Hello, #onpoli people,
In this newsletter, we’re going to talk about property tax policy, work-to-rule campaigns, and the debate over carbon tax rates — so hold on to your hats!
These three things may sound a bit boring at first, but they all have a remarkable ability to get people’s blood boiling once they start talking about them. It seems almost every home and business owner has at some point complained about how much property tax they’re paying. Legions of parents have seen red over labour disputes at the local schools. And don’t you think at least a few people will be upset that the carbon tax might someday be ten times higher than it is now?
So let’s read on, shall we?
The do’s and don’ts of property tax reform
#onpoli podcast co-host John Michael McGrath has written about how the province can assess property values in a way that would create a whole lot fewer complaints among the small businesses that pay them. He looks at the case of Le Sélect Bistro, a downtown Toronto restaurant that may have to close because its property tax bill has gone up by more than 500 per cent since 2005.
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The province’s municipal-property-assessment corporation, MPAC, assesses plots of land according to their “highest and best use,” not the structures that are currently standing on them. The value of the land that’s home to Le Sélect, a modest two-storey restaurant, is implicitly determined by a consideration of what could be built there — a multi-storey condo tower, for example.
While that sounds deeply unfair, that doesn’t necessarily mean it’s time to abandon Ontario’s market-value assessment system, John Michael writes. He talks to two co-authors of a recent paper that says meddling with the current system could create unfair situations in other ways. For example, capping assessment rates for some properties could shift the tax burden onto other property owners. The paper suggests ways of offering tax relief to businesses that need it —while leaving the assessment system alone.
Why a strike is a risky bet for both the province and the teachers
With public elementary and high school teachers starting a work-to-rule campaign this week, political journalist Matt Gurney looks at what the labour dispute means for the province, and what could come next.
Right now, at least, he says no one should stress over the work-to-rule campaign. “The withdrawn services will minimize disruption in the classroom and won't really put much of a squeeze on parents,” he writes. But he adds it’s “a first shot in what could be a nasty battle” in which both sides have a lot to lose. The Ford government is eager to rebrand itself as kinder and more reasonable after a year of negative headlines. A labour disruption in the province’s schools won’t help that effort. At the same time, the teachers’ unions risk overplaying their hand if a prolonged strike turns public opinion firmly against them.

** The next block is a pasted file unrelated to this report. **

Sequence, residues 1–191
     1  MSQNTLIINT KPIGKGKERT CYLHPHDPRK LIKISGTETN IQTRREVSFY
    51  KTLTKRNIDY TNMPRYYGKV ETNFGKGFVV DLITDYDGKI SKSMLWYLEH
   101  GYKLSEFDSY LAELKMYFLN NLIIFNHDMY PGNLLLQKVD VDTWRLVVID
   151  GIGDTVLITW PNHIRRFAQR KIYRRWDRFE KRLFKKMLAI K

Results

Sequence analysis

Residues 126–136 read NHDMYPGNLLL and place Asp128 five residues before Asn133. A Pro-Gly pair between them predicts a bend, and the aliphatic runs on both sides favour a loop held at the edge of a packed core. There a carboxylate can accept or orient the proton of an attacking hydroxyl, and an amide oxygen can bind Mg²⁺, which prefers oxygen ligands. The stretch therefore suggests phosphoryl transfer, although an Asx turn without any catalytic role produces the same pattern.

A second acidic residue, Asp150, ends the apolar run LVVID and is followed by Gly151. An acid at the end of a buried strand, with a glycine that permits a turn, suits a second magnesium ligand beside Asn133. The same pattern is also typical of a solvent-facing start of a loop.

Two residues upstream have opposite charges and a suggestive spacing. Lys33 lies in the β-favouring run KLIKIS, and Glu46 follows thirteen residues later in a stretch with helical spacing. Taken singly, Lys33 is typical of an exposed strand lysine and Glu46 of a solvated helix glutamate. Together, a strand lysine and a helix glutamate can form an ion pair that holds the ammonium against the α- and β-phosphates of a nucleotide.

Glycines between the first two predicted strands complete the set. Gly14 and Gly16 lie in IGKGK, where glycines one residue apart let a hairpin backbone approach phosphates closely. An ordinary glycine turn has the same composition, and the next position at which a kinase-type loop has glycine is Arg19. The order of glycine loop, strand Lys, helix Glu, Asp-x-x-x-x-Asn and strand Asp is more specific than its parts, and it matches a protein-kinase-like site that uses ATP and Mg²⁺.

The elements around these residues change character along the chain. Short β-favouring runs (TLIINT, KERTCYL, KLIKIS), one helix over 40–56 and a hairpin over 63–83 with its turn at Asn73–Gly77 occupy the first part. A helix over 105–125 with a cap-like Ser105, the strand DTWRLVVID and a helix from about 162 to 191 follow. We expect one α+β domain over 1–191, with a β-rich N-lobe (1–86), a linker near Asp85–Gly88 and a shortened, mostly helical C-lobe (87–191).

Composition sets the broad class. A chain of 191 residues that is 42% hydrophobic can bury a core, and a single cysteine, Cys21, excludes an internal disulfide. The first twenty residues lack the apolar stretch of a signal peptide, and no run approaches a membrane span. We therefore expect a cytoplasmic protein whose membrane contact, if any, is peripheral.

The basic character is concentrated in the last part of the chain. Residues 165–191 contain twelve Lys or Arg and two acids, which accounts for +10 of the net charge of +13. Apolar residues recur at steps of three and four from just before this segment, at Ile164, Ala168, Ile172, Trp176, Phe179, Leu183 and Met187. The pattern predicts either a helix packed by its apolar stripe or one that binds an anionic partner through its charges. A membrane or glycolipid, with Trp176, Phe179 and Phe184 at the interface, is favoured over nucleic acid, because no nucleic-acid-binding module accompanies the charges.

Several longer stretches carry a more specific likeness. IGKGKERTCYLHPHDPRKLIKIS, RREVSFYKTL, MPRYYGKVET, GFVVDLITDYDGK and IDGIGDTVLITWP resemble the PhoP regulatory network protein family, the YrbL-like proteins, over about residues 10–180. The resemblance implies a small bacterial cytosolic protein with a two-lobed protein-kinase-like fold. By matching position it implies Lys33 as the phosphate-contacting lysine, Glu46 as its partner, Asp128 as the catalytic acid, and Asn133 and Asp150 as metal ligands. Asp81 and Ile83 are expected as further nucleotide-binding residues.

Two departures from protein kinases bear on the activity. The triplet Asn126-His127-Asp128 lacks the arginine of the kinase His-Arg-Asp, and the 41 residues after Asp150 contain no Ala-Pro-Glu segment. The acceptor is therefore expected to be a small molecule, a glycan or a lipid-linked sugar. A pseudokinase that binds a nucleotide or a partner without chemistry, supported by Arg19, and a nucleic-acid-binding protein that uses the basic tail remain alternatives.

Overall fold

Will this dynamic lead to compromise, or brinksmanship? As Gurney notes, “time will tell.”
If you thought four cents a litre was bad, Premier Ford…
Polls indicate many Canadians support carbon pricing. But Premier Doug Ford is certainly not alone in his belief that the $20-per-tonne federal carbon tax — which, among other things, raises gas prices by about four cents a litre — is an unfair burden on businesses and the middle class.
So Ford and his fellow anti-carbon-tax crusaders can’t have been happy to read this:
In its final report, a privately-funded policy group that calls for market-friendly solutions to climate change concludes that Canada needs a carbon price of $210 per tonne of greenhouse gas emission by 2030 to meet its Paris targets — assuming it relies on the carbon tax alone. That would mean a 40-cent rise in prices at the pump in ten years' time.
The Ecofiscal Commission, which authored the report, acknowledges that carbon taxes are a hard sell with the public because the costs are so visible. But here’s the rub: the commission finds that any other method to reduce greenhouse gases, such as regulations and subsidies, end up costing the public even more. “The punchline really is, the more hidden your policy choices, the more expensive they are,” commission chair Chris Ragan tells the CBC.
And if you don’t pay for carbon emissions now, you’re going to pay in other ways later. John Michael explains this point in a recent #onpoli episode on the long, strange journey of carbon pricing in Canada.
That’s it for now. The #onpoli newsletter is taking a break for a few weeks but will be back in the new year to get you ready for a new season of our podcast. You can always reach us at email@example.com.